The thing Rick posted explains how the different origin settings work, but if you have a machine that hasn’t been properly zero’d there are more things at work.
LightBurn was written for dedicated laser systems, with homing and limits set properly. It will work without those things, but that’s what it assumes you have unless you tell it differently.
If your machine isn’t zero’d, then the system has no idea where you “are” when running a job - the zero point of the machine will just be wherever it was when you powered up. If that happened to be in the middle of the work area, you could have a situation like this:
The black grid is the actual work area of the laser, and the green square in the bottom corner is the origin of the machine. If the laser was sitting at the red circle when you powered it up, the machine thinks that is zero, and thinks the red square is your usable work area, which is obviously wrong.
Next, you draw this purple circle:
You jog the laser over to that corner and hit start, where you want it, and hit Start, using "current position’ as the origin mode. LightBurn asks your laser, “hey, where are you?” and the laser says, “I’m at -80, -80”. That’s out of bounds, and you get the warning.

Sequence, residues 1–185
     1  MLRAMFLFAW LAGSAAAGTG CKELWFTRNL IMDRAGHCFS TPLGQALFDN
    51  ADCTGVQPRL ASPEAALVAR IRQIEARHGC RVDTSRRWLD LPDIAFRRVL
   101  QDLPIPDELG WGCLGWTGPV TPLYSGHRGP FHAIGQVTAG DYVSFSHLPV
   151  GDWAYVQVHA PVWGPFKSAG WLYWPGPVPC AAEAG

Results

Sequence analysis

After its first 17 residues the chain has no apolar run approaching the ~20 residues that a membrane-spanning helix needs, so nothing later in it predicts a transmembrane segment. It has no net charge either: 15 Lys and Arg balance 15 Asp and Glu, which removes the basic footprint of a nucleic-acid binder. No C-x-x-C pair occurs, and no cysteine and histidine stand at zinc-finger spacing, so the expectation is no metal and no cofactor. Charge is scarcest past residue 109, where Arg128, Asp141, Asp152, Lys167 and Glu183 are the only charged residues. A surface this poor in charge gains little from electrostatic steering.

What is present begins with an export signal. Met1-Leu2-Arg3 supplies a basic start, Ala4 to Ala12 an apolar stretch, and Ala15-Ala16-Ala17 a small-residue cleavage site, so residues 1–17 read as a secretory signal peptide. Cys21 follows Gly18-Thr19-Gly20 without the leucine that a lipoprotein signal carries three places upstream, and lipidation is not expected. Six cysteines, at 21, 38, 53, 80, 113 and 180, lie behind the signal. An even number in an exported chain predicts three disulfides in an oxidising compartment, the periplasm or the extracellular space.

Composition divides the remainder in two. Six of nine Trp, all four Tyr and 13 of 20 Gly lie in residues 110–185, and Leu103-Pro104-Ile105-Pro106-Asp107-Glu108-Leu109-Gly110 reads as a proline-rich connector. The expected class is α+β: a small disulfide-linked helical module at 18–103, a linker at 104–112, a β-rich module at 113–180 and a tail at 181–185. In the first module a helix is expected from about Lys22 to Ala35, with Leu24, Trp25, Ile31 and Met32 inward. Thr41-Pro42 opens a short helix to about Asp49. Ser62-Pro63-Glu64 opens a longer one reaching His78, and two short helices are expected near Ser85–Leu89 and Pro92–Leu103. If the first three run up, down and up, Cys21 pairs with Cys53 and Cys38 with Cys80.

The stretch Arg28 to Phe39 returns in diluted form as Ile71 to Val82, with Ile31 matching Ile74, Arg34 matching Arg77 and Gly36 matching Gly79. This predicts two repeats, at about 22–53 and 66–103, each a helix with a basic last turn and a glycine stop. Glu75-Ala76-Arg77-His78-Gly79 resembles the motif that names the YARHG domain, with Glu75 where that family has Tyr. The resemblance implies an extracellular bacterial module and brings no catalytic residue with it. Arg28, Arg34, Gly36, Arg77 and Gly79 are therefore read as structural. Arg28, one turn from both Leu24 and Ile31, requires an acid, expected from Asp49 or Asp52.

To fix it, move the laser head to the front-left corner (or wherever you have your origin set), before you power it up, so that’s where zero goes, OR, jog the laser to that corner, and issue this command:
G92 X0 Y0
To use that, you’ll also need to have your machine sending its position in work-space coordinates. If you have an old version of GRBL (0.9 or earlier), it’s $10=2. For newer ones (1.1e or later), it’s $10=0. That means when LightBurn asks, “where are you?” it gets the answer relative to the new zero you set, not relative to where it was when you powered up. (zeroing before power up doesn’t need the above command)